Culture, Structure, and Health: Narratives of Low-income Bangladeshi Migrant Workers from the United Arab Emirates

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Source of Publication

Health Communication

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© 2020, © 2020 Taylor & Francis Group, LLC. Increasingly, health scholars are paying attention to the health experiences of immigrant communities, particularly in the backdrop of the global flows of goods, services, and people across borders. In spite of the increasing public health emphasis on health outcomes of immigrants within the Middle Eastern (ME) countries, immigrant communities are often constructed as monoliths and the voices of immigrant communities are traditionally absent from mainstream health policy and program discourses. The health experiences of immigrants, their access to resources, and the health trajectories through the life-course followed by them and their descendants influence the deep-seated patterns of ethnic health disparities documented in the ME. Based on the culture-centered approach, we engaged in in-depth face-to-face interviews, and focus groups discussions with a total of 44 research participants, to understand how low-income Bangladeshi migrant workers in the United Arab Emirates (UAE), who live at the borders of mainstream Arab society, define, construct, and negotiate health issues. Participants articulate in their narratives their nuanced cultural understanding of good health as a complex, holistic practice, the achievement of which is obstructed by barriers such as immigration and insurance structures. Further, they enact their agency in resource impoverished circumstances to protect their mental health and physical well-being through daily strategies and acts of resistance.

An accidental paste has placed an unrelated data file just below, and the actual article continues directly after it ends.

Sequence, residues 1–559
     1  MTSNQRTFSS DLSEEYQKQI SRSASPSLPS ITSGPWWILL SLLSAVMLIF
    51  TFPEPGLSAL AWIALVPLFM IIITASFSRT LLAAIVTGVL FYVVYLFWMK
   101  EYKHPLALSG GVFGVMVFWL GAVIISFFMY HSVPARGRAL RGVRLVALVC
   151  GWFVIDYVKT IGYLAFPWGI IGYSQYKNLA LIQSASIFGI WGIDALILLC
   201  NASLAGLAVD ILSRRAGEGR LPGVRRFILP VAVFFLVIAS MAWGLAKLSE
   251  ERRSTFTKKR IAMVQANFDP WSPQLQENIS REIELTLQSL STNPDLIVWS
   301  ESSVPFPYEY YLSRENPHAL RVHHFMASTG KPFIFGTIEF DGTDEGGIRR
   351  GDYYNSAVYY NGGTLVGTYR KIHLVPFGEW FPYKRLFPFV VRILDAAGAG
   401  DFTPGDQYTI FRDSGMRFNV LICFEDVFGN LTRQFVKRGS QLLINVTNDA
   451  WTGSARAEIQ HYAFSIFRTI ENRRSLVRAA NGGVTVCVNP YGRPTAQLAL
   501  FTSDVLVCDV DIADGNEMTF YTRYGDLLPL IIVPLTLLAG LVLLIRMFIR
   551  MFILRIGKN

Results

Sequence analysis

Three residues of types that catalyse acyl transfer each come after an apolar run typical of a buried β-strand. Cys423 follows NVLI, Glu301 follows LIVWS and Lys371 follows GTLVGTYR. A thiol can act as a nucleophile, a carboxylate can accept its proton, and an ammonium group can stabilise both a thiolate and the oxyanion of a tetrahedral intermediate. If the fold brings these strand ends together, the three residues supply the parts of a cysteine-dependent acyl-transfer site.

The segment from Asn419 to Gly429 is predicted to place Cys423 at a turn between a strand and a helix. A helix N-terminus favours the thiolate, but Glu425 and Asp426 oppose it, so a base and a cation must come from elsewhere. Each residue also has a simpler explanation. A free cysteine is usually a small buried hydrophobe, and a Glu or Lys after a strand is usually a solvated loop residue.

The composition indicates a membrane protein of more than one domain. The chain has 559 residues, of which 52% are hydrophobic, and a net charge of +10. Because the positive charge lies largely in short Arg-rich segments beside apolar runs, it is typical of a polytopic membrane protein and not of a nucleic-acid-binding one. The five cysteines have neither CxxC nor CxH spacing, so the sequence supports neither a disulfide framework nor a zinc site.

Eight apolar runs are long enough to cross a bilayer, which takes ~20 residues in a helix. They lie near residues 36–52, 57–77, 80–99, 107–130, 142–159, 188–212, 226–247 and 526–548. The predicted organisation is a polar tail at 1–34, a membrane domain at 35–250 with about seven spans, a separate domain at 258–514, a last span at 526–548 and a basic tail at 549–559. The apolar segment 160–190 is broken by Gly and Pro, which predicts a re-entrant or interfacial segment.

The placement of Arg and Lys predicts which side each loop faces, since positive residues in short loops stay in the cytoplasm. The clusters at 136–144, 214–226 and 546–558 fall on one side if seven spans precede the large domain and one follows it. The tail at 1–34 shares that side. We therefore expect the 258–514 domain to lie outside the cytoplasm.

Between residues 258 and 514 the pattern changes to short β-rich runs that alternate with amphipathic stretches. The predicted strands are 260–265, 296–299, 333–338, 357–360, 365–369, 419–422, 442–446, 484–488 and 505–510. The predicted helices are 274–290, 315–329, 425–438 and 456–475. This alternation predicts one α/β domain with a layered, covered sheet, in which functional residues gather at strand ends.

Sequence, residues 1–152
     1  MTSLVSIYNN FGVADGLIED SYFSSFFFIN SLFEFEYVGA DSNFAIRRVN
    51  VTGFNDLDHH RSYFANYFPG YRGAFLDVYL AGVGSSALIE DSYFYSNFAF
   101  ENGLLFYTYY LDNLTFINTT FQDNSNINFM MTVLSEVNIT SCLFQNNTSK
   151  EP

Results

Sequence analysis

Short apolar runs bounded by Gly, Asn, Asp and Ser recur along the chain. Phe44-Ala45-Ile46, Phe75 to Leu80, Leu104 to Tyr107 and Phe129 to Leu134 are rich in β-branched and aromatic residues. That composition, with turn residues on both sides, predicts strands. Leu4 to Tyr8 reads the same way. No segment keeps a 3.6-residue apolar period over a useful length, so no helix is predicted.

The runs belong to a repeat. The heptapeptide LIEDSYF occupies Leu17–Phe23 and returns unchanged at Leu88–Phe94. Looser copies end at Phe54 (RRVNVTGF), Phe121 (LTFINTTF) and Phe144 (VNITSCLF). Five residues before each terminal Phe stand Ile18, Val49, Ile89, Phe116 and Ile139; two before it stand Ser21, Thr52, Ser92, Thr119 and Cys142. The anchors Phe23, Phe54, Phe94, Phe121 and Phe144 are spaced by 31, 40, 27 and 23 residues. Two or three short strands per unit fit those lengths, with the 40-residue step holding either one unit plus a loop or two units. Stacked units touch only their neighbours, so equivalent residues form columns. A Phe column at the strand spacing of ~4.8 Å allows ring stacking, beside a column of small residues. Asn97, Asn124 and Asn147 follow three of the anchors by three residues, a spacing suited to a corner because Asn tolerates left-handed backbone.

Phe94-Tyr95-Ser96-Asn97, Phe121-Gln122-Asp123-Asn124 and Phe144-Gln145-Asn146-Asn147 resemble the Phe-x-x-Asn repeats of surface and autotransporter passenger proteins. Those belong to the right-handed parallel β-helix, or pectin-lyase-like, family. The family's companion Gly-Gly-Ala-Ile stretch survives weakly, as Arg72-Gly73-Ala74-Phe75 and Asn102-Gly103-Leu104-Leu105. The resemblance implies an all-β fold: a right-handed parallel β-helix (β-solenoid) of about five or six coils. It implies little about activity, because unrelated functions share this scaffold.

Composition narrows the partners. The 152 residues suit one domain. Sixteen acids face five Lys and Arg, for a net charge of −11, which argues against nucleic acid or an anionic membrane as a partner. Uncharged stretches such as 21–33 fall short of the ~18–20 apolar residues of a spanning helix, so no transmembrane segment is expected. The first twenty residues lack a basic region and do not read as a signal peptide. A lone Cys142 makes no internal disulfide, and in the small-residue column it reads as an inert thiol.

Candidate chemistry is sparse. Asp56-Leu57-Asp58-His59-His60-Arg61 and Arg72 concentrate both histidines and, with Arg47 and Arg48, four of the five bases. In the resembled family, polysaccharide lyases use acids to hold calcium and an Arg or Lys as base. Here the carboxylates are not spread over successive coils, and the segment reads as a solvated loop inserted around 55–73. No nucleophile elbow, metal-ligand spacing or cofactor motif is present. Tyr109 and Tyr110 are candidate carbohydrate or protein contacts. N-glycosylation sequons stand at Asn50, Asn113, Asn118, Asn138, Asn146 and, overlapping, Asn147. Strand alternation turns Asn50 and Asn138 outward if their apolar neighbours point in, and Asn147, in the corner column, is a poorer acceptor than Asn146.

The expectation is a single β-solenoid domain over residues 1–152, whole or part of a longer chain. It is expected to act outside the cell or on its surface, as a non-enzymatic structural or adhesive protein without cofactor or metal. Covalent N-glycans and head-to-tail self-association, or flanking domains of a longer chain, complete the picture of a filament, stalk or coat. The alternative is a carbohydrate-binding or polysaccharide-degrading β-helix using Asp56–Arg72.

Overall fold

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Economics | Medicine and Health Sciences | Social and Behavioral Sciences


achievement, adult, article, attention, clinical article, controlled study, female, health care policy, health disparity, human, human experiment, immigrant, immigration, insurance, interview, lowest income group, male, mental health, migrant worker, narrative, physical well-being, progeny, public health, United Arab Emirates, voice

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Indexed in Scopus


Open Access